Realme is a relatively new brand, a few years old but has absolutely flooded the market with devices, but not in a bad way. Whilst launching nearly 30 devices in under 3 years seems excessive, the fact that Realme has able to release these, gain feedback, and make a better phone a few months later is impressive, it’s a nimble company, and it is not surprising, it’s under the BBK electronics umbrella, like Oppo, Vivo, OnePlus and IQOO. With the Realme 6 and 6 Pro though, Realme is focusing on one main thing though, the screen, upping them to 90Hz, is it worth it?
- 90Hz Screen
- Stellar battery
- USB-C and fast charging
- Android 10
- Screen is very over-sharpened
- Secondary and tertiary cameras are under-cooked.
- Unknown update record.
- 6.5” IPS LCD
- 90Hz refresh rate
- 120Hz touch polling rate
- MediaTek Helio G90T
- 2x Cortex A76 @ 2.05Ghz
- 6x Cortex A55 @ 2.0Ghz
- 4 core Mali G76
- 4GB/6GB/8GB LPDDR4X
- 64GB/128GB UFS2.1 storage
- 4300mAh battery
- 30w VOOC
- 64MP Main Camera (Samsung GW1)
- 8MP Ultrawide Camera
- 2MP Macro Camera
- 2MP Depth camera
- 16MP Selfie camera (hole punch)
For a more in-depth look at the spec sheet, head on over to GSMArena
The device hardware is often just as important as the specifications underneath. For years Samsung created high-end phones that felt like cheap plastic toys in the hand, and this is also where cheaper phones usually lie, mainly because there is less money to go around so you maximise performance for the cost and then spend the rest where you can and hope it doesn’t feel like something you’d find in Poundland/the dollar store.
Realme has done a pretty decent job on this one, there is no denying that this is cheap plastic, it’s a bit thick at 8.9mm, and paired with the 193g mass, the word “brick” doesn’t feel too far off here. But that doesn’t mean it feels bad in the hand. On the contrary, it’s curved in just the right ways in order to make it a comfortable device to hold, but even compared to the 6 Pro and 6i, this definitely feels like the cheaper of the three phones.
Taking a hardware tour, upfront, of course, we have that lovely display. It’s a 6.4” 1080p IPS LCD running at up to 90Hz, you can set it to 60 or 90Hz, or you can let the phone decide when to ramp up to 90Hz and when to leave it at 60Hz to save battery. It’s a really nice screen. The panel itself does seem to be over-sharpened a fair bit, which when looking at highly compressed such as those on social media, you can see the tell-tale black border on images on the screen, this is not a deal-breaker, but it is a pretty obvious cost-cutting measure, in order to get an LCD that can comfortably run at 90hz you have to make trade-offs to not destroy the rest of the budget, and I’m fine with this trade-off.
In the top left of the screen is where the selfie camera is, in its own little hole punch. Do I like the hole punch? Yeah, I think it is nicer than the notch and I was one of those few people that never liked the motorized pop-up cameras, this seems like a nice compromise. But there is a little problem with hole-punch cameras on LCDs and that is the hazing or feathering around the edges of the lens, I understand why it’s there, it makes sense when you understand how LCD panels work and you can’t have the backlight bleed onto the camera sensor, but it is obvious and makes the black border around the camera larger than it would be on a comparable OLED display.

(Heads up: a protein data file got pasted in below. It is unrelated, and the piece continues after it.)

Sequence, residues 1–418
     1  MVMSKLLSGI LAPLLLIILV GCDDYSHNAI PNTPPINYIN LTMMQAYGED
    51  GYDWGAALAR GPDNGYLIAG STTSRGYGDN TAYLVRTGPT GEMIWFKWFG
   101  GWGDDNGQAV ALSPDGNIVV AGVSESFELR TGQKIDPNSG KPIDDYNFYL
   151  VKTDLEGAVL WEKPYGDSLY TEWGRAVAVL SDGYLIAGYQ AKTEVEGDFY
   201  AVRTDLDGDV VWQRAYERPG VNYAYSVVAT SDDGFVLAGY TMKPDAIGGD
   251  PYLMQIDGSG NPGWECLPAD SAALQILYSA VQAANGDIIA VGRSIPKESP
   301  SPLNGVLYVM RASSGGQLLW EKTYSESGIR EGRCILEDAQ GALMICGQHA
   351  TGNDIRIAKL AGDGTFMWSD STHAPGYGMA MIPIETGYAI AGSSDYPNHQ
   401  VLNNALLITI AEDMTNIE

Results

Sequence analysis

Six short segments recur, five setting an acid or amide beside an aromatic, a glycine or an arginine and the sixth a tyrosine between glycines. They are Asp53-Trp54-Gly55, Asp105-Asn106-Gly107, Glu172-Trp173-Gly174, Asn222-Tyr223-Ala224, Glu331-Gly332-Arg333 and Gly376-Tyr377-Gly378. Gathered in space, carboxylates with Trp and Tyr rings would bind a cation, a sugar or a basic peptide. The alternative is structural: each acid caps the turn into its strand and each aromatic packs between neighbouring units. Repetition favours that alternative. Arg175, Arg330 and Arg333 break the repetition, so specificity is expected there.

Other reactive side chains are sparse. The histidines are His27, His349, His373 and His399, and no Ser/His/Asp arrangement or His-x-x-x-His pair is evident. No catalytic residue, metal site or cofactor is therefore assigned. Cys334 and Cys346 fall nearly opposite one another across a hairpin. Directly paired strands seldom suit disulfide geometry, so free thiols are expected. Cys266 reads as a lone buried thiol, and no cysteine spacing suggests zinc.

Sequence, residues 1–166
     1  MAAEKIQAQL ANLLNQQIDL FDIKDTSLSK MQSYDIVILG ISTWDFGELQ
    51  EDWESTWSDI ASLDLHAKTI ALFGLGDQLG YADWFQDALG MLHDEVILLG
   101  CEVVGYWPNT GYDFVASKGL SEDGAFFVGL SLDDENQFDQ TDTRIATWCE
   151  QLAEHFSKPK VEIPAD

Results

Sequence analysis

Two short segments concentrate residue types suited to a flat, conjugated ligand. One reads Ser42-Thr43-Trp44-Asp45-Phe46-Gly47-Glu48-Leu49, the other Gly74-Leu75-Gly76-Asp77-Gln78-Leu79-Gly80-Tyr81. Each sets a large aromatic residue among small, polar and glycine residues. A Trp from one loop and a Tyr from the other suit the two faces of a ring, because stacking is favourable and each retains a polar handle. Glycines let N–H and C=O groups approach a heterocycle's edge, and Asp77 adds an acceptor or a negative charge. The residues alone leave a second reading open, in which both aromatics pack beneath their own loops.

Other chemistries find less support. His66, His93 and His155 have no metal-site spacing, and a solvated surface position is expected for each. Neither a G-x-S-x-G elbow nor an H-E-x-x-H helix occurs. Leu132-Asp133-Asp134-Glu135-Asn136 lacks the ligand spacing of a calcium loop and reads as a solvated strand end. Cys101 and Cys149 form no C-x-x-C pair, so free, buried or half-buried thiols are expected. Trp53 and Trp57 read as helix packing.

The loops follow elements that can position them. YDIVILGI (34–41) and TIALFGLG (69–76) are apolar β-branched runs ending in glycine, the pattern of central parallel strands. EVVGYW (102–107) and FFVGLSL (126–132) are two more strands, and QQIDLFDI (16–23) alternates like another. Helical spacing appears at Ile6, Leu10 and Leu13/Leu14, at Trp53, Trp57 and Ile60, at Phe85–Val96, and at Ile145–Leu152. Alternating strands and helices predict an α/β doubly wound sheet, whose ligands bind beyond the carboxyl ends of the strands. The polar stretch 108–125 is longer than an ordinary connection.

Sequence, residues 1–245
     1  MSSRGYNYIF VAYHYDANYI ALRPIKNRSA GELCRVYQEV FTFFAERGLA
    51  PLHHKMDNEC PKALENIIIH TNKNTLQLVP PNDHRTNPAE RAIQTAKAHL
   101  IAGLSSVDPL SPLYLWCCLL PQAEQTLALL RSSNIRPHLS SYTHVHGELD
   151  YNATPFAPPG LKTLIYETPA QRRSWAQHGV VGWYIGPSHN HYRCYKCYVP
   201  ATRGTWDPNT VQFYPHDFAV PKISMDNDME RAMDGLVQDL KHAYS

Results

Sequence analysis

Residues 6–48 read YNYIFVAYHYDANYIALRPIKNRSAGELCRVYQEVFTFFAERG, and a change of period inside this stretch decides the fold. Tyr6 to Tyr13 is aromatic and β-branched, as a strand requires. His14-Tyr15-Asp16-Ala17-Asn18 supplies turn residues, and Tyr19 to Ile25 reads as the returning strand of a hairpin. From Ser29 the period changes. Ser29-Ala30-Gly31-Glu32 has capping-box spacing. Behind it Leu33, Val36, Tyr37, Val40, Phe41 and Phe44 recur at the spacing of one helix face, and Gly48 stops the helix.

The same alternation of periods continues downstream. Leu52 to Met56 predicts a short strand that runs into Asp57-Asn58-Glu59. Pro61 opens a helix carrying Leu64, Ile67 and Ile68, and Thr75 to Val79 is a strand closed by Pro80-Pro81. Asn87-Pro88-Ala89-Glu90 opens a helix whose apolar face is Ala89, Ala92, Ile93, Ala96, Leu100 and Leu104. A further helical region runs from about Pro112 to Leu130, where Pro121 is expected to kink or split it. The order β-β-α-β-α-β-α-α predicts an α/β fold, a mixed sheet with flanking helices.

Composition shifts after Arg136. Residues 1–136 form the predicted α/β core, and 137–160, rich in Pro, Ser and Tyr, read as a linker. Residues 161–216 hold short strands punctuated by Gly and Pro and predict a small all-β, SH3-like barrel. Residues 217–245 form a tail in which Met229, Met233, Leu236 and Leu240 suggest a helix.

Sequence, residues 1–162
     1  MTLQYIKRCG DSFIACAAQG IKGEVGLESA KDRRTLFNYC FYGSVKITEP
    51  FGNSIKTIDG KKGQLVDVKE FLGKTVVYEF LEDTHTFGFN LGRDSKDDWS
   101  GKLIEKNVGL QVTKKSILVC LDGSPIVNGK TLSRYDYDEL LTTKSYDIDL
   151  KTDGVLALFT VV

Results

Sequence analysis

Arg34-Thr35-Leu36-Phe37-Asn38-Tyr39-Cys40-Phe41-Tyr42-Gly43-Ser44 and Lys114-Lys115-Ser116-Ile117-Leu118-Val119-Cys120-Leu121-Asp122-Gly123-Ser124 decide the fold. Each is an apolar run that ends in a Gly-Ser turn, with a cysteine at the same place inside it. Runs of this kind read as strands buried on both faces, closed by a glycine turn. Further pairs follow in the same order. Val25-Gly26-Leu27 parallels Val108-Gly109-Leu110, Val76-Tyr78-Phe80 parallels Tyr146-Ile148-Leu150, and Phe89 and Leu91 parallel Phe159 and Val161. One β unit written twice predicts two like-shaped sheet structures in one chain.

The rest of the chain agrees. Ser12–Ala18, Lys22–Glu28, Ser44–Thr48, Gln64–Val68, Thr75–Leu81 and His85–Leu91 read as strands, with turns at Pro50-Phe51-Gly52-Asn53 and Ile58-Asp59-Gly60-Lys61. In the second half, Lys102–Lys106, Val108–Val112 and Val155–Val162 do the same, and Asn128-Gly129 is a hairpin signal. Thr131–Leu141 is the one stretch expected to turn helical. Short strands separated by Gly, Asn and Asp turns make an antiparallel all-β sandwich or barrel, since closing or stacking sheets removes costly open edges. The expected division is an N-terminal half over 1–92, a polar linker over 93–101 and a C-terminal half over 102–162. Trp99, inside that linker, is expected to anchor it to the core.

Taking a look around the perimeter, at the bottom we have the USB-C port, sadly limited to USB2.0 speeds, but at least It’s type-C. There is a loudspeaker to the right of it, and a microphone hole to the left, and on the far left? That ever rare addition, a 3.5mm audio jack. Whilst It’s not important for me and whilst Bluetooth earbuds are oftentimes just as cheap as 3.5mm ones these days, people do like to have it, so here it is. On the right-hand side of the phone is the power button that also doubles as a fingerprint scanner. I’ve gone on the record before as saying I hate side-mounted fingerprint scanners, they’ve less convenient than a front or rear ones, and especially, if like me, you’re left-handed. Whilst they work fine if you’re a righty who can enrol their entire thumb on the scanner, having to enrol a weird sliver of your left middle or index finger is a nightmare that is rarely a first time unlock this was such an annoyance for me I actually ended up using the face unlock, as insecure as it is.
The left-hand side has the volume buttons, two separate ones not a rocker. Whilst they’re a bit loose and rattly, they do have a definitive actuation point. Above this is the SIM tray, and something that is still somewhat rare is the way this phone does Dual SIM. The tray here is extra-long, meaning there is space for 2 NanoSIM cards and a MicroSD slot, usually you have to choose whether you want that second SIM or the expansion card, not this time. On the top we have… nothing it is clear, no holes at all.